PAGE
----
The Catholic unionists
Catholics who believe Northern Ireland is better off staying with Britain – for economic and cultural reasons – say that there are many more like them who are keeping quiet
Catholic unionists Stephen Goss and Torr Coggan. Photograph: Mark Marlow/Pacemaker
DUP First Minister Peter Robinson has said he wants more Catholics to support the union. He speaks from a position of unionist self-interest. He knows demographic shifts will create a Catholic majority population in Northern Ireland in the next generation or so. If Catholic equals nationalist then the union is in trouble.
But many nationalists – and quite a number of unionists – dismiss the notion of Catholic unionists. “They are like unicorns,” is an often-repeated line. “They don’t exist.”
But though they are small in number, they are not mythical creatures, and they could have a role in determining the constitutional future of Northern Ireland.
Take 19-year-old Eimhear McFarlane and 45-year-old Tony McMahon, both from Co Down. At least once a year McFarlane travels with her father Patrick to cheer on Glasgow Celtic at Parkhead.
“I am a staunch Celtic supporter,” she says proudly.
McFarlane is a member of the Conservative Party in Northern Ireland, while McMahon – who played senior GAA football for the Down team of the late 1980s and early 1990s – is in the newly formed NI21 pro-union party.
Both favour maintaining the link with Britain, as do Torr Coggan, Tina McKenzie and Stephen Goss who are also interviewed here.
If five people from a Catholic background, two of them from nationalist west Belfast – Goss and McKenzie – are so readily prepared to declare their allegiances, there must be more.
These people are far removed from the current tensions over yesterday’s Twelfth parades.
They have no emotional attachment or interest in such flag-waving and parading. They are genuine in their convictions, have thought through their positions and have carefully arrived at the political, economic, social and ideological conclusion that Northern Ireland is better within the union than in a united Ireland.
McFarlane has both a British and Irish passport and sees herself as “British-Irish”.
When she was 16 she made a conscious decision to become politicised. She considered the various parties on offer and, after chiefly based on what she believed was the economic advantage of maintaining the link with Britain, decided on the Conservatives.
So, here is a young Catholic who supports the union. That makes her a unionist, surely? Here, Tina McKenzie comes into the argument. She’s the 40-year-old chairwoman of the new NI21 party, founded by ex-Ulster Unionists John McCallister and Basil McCrea. It’s a pro-union party without the word union in its title.
“If people asked, was I a unionist? I would say ‘no’,” says McKenzie, who is from Lenadoon in west Belfast, again not a Tory stronghold. “But if they asked if I was for Northern Ireland staying in the UK, I would say ‘yes’.”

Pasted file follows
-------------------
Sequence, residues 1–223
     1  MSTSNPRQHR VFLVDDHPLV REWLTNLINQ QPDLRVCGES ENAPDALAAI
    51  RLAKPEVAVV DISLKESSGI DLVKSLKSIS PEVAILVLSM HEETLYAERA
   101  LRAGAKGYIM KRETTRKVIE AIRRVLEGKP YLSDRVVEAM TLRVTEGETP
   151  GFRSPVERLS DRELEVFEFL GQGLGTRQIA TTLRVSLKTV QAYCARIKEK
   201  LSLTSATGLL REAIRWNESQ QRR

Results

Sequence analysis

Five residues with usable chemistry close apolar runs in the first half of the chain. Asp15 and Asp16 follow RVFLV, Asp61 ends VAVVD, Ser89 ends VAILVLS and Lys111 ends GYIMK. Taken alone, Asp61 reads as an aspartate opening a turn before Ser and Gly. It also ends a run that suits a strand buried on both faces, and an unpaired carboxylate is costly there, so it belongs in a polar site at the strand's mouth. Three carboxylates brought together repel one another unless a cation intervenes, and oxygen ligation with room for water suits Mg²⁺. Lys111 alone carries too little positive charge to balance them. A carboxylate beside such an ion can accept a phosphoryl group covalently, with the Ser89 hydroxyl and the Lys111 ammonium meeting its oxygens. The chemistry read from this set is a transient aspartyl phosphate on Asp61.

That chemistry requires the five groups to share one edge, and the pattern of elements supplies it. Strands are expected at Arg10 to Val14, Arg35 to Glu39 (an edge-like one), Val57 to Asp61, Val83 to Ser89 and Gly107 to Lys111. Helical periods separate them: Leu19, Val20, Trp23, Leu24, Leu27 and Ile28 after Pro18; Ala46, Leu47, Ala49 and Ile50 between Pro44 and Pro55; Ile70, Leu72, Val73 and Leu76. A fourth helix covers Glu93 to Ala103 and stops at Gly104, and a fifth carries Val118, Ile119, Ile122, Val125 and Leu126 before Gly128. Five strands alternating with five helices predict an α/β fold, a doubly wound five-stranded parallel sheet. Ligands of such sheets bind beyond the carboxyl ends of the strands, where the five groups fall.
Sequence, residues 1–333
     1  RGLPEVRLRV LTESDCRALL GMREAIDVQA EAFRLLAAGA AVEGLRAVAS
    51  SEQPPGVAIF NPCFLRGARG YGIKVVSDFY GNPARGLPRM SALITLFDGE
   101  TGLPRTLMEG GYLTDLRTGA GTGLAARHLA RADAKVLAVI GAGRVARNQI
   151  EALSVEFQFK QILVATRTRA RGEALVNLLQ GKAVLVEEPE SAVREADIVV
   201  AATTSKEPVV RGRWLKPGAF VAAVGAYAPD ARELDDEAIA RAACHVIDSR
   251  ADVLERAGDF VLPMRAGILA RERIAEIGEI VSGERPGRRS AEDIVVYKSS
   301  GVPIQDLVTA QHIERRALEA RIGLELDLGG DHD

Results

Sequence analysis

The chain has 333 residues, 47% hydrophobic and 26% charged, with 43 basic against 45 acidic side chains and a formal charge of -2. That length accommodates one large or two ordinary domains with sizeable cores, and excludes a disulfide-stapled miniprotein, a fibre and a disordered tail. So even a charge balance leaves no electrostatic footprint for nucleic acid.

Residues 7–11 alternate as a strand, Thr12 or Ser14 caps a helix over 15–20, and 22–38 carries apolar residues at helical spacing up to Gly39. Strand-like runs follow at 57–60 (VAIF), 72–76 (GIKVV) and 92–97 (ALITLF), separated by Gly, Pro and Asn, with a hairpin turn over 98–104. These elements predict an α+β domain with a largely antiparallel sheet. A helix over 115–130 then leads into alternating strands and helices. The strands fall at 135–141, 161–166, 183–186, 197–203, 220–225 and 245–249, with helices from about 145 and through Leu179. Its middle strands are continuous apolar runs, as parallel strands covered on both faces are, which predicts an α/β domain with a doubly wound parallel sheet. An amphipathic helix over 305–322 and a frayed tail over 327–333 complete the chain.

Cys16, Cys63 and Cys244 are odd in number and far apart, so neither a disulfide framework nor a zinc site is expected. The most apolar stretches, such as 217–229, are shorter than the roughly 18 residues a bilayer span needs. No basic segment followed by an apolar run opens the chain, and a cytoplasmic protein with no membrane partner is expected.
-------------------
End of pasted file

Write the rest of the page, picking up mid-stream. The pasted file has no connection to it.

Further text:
The NI21 backroom team insists that up to half the 350-400 people who attended the party launch last month were Catholic.
In many cases those Catholics who favour maintaining the link with Britain are guided by hard, practical motives. They look at how Northern Ireland has been relatively cosseted because of its link with Britain and wonder what state it would be in were it part of a united Ireland.
The revelations about the Irish banks and the collapse of the Irish economy, together with their greater faith in sterling than the euro, just bolster their view of the benefit of looking east rather than south.
The old arguments about unionist discrimination and civil rights just don’t seem to feature because the Northern Catholics with such views either have no memories of these struggles or are confident that they have been resolved.
“I identify more with British culture ”
Stephen Goss (25) is a PhD history student from Andersonstown in nationalist west Belfast. He hopes to become a university lecturer
“I’m from Andersonstown which, yes, is unlikely territory for a unionist. I joined the Conservatives when I was 18 but there wasn’t much happening so I joined the Ulster Unionist Party at Queen’s University when Reg Empey was leader.
“The UUP was very welcoming but some of the comments of [subsequent leader] Tom Elliott made me uncomfortable and I was a little disappointed in the leadership of Mike Nesbitt. So I joined the Conservatives again and am now chairman of Conservative Future in Northern Ireland (for Tories aged 30 and under).
“My parents reacted with surprise and, I imagine, some discomfort and some others found it a bit bizarre and curious. I was told by some people that really I should join the SDLP.
“I just think being part of the UK makes more sense than Northern Ireland joining the Republic. Certainly economically. Also in an emotional sense I identify more with British culture than with Irish culture despite having been brought up largely with [Irish culture].
“I think a constitutional monarchy is a good idea. If you are going to have a republic then perhaps you should go for a more executive-style presidency. Having a monarch who is completely above politics is a better embodiment of the nation.
“On parades I think the Orange Order has a right to march but they should respect the feelings of the people in the areas they are marching through. At the same time residents in areas shouldn’t go out of their way to be offended by the parades.
“There are more Catholic unionists than is realised. An increasing number of Catholics would be content to stay in the UK but, because of the connotations and associations, won’t describe themselves as unionist. But de facto they are unionists.”
“It’s sad we don’t have normal politics here”
Eimhear McFarlane (19), living in Belfast, from south Down, plans to study business in London, and hopes to stand for the Conservatives in next Northern Ireland council elections
“I support both the Down and Armagh GAA teams and travel to Parkhead at least once a year to support Celtic. I would be very proud of my Catholic background and would describe myself as British-Irish.